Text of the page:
In 2010 292 motorcyclist deaths occurred on rural roads. This figure is over double the number of deaths in urban areas. Motorcycle safety on rural roads is a major concern that needs to be tackled. The high number of deaths could be related to the fact that most motorcyclists use rural roads for recreational/weekend driving and might lack sufficient knowledge of the roads. The most common types of motorcyclist crashes are:

Failure to negotiate bends on rural A roads
This tends to be the fault of the rider, often because s/he approaches the bend too fast and/or misjudges the bend. They occur more often on leisure rides.

Collision at junctions
This tends to be the fault of the other road user, usually a driver failed to see a rider who was in clear view. Most occur at T-junctions, crossroads and roundabouts.

Collision while overtaking
Usually the rider is at fault, although this also includes riders 'filtering' through stationary or slow moving traffic, in which a driver is more likely to be at fault.

Rider losing control without another vehicle being involved
This is more common on rural roads, and often due to rider error, excessive speed, alcohol, other impairment, careless/reckless behaviour, poor road surfaces or avoiding other road users.

Horse Riders

One activity more applicable to children in rural areas than urban ones is horse riding. There are around three million horse riders in Great Britain, many of whom ride on the road. Although they prefer not to do so, riders often have no choice because they need to reach to bridleways and other off road facilities. Horse riders have a right to use the road, and both riders and motorists are responsible for each other's safety.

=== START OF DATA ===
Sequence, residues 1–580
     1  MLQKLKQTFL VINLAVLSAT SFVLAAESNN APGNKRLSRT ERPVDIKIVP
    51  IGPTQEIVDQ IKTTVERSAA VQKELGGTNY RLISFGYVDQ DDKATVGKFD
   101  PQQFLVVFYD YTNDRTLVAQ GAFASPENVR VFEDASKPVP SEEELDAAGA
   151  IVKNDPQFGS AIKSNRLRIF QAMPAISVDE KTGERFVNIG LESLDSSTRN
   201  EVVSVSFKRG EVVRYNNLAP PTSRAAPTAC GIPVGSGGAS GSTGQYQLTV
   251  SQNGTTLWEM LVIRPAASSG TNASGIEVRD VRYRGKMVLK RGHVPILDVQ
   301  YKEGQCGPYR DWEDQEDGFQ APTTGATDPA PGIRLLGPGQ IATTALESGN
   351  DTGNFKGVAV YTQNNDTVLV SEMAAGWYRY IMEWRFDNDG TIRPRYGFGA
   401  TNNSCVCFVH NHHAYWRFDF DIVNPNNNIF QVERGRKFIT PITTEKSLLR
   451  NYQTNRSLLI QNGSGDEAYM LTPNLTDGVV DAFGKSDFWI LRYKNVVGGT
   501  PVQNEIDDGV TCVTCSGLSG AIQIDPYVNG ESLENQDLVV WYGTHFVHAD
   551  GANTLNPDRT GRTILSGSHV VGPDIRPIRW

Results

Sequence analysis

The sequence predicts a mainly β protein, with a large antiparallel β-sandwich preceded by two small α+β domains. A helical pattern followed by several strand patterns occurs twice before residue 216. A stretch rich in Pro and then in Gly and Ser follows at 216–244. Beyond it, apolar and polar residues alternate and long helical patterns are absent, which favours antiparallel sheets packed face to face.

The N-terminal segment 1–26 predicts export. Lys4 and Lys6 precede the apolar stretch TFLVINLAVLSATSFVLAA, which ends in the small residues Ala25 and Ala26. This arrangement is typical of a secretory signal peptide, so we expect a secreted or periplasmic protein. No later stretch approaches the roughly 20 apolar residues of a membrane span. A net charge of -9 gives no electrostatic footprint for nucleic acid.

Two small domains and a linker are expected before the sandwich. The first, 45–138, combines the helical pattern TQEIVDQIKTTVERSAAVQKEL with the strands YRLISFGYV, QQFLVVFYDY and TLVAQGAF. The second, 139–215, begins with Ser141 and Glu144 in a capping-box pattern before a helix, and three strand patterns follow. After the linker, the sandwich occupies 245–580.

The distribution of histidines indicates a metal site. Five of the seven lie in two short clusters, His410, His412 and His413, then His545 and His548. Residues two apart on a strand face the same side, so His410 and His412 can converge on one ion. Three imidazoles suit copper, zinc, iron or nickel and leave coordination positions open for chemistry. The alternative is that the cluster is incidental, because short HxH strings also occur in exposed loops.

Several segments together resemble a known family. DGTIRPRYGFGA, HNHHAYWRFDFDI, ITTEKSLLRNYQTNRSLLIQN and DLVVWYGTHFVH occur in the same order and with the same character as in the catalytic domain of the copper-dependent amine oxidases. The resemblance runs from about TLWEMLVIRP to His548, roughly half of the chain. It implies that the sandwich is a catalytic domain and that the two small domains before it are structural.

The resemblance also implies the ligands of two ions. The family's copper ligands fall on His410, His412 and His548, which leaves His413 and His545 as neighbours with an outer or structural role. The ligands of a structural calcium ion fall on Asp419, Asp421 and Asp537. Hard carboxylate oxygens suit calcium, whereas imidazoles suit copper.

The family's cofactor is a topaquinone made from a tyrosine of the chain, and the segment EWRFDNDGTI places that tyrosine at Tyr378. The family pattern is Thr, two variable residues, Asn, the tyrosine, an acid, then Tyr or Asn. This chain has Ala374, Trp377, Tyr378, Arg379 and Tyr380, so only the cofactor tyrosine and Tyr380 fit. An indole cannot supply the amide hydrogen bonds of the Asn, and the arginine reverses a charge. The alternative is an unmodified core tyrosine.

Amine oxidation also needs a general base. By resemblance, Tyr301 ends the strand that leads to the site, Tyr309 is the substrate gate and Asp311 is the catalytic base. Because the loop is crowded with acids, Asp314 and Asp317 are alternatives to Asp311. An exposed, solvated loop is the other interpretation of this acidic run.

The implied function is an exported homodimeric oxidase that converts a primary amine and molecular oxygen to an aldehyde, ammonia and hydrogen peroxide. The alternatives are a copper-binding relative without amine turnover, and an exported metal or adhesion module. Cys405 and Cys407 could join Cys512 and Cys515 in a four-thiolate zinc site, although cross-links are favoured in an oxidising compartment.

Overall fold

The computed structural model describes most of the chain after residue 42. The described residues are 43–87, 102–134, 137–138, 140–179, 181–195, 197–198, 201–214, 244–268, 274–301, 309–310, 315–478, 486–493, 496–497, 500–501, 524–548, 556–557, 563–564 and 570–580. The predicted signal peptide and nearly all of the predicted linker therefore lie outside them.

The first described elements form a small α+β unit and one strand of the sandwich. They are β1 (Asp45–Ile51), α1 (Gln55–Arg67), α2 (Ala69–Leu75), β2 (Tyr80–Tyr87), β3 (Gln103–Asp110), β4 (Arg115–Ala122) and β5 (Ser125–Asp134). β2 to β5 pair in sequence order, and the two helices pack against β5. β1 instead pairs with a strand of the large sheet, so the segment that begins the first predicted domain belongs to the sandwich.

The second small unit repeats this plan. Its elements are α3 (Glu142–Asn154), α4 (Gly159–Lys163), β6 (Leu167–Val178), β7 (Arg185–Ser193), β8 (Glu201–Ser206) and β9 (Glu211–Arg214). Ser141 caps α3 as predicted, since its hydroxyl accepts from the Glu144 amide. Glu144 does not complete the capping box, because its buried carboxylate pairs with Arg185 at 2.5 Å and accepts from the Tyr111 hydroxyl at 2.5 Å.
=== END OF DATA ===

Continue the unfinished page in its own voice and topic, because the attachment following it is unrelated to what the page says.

Horses are powerful animals that are easily frightened and can panic, especially near fast-moving traffic or at sudden loud noises. Accurate statistics for road accidents involving horses are not available, but the British Horse Society estimates that there are 3,000 such accidents each year, about half of which occur on minor roads.


  • "Road Casualties Great Britain 2010", Department for Transport
  • "Accident Analysis on Rural Roads – A Technical Guide", TRL Ltd, 2004
  • "Rural Road Safety: A Literature Review", Scottish Executive Social Research, 2005
  • "Drivers Urged to Take Care on Rural Roads", DFT Think Road Safety Publicity campaign notes, 2005